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Mound Characteristics and Behaviour of the Orange-Footed Scrubfowl in the Seasonal Tropics of Australia

Palmer, Carol, Christian, Keith A. and Fisher, Alaric (2000). Mound Characteristics and Behaviour of the Orange-Footed Scrubfowl in the Seasonal Tropics of Australia. Emu,100(1):54-63.

Document type: Journal Article
Citation counts: Scopus Citation Count Cited 5 times in Scopus Article | Citations

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Title Mound Characteristics and Behaviour of the Orange-Footed Scrubfowl in the Seasonal Tropics of Australia
Author Palmer, Carol
Christian, Keith A.
Fisher, Alaric
Journal Name Emu
Publication Date 2000
Volume Number 100
Issue Number 1
ISSN 0158-4197   (check CDU catalogue open catalogue search in new window)
Scopus ID 2-s2.0-0034162251
Start Page 54
End Page 63
Total Pages 10
Place of Publication 2000
Publisher Royal Australian Ornithologists Union
HERDC Category C1 - Journal Article (DEST)
Abstract Seventeen site characteristics associated with the location of incubation mounds of the Orange-footed Scrubfowl Megapodius reinwardt were measured for three habitat types: monsoon forest, regeneration forest and a sandy coastal vine thicket adjacent to an intertidal zone. The three habitats differed with respect to shrub cover, litter cover, canopy cover and several tree measurements. Mound sites differed from random sites with respect to several variables, and these differences can be attributed to the litter collecting activities of the birds, which disrupt the vegetation on and near the mounds. Internal mound temperatures were recorded over a 12 month period in 10 active mounds, two disused mounds and at two control sites. Active mound temperatures in all three habitats were similar despite significant mound site differences, particularly with respect to canopy cover and incident solar radiation. Whereas the decomposition of litter was the primary source of heat for the mounds in the monsoon and regeneration forests, both solar radiation and microbial decomposition contributed to the heat of the mounds in the sandy coastal vine thicket. Soil temperatures in disused mounds and at control sites decreased with the onset of monsoonal rains, but active mound temperatures remained stable during this period. Behavioural observations were recorded over a 19-week period for a pair of Orange-footed Scrubfowl at an active mound. The collection and incorporation of leaf litter into the mound increased significantly as monsoonal rains intensified. The birds were most active during the early morning period. Hatchlings and juvenile birds were observed in the study area throughout the eight months of field work and one colour banded bird was observed defending two mounds on several occassions.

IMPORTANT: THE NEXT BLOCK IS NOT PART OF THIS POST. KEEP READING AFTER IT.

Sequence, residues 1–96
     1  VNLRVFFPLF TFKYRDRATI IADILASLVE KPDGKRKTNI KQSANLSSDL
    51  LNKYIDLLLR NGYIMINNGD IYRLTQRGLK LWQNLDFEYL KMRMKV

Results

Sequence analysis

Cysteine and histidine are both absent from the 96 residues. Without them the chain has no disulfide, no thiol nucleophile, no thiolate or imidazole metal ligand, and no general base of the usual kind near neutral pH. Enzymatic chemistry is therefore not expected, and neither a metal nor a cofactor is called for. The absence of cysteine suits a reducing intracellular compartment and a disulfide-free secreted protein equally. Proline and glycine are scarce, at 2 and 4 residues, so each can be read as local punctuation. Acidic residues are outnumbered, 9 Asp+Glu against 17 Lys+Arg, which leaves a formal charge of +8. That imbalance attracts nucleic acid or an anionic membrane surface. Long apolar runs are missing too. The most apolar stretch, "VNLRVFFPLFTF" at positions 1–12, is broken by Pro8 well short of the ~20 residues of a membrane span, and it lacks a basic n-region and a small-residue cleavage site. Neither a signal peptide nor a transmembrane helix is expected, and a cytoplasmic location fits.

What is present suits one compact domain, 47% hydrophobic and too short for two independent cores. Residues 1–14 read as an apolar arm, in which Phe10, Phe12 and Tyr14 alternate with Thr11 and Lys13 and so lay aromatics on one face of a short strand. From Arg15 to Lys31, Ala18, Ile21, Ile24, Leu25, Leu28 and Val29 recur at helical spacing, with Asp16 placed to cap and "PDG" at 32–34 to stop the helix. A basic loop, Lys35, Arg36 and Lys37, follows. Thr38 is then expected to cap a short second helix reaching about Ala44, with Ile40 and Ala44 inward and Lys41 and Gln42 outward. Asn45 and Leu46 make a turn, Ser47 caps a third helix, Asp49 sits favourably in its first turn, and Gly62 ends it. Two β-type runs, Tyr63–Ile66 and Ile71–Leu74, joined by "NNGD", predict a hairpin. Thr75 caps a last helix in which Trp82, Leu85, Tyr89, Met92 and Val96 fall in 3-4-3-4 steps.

DOI http://dx.doi.org/10.1071/MU9853   (check subscription with CDU E-Gateway service for CDU Staff and Students  check subscription with CDU E-Gateway in new window)
 
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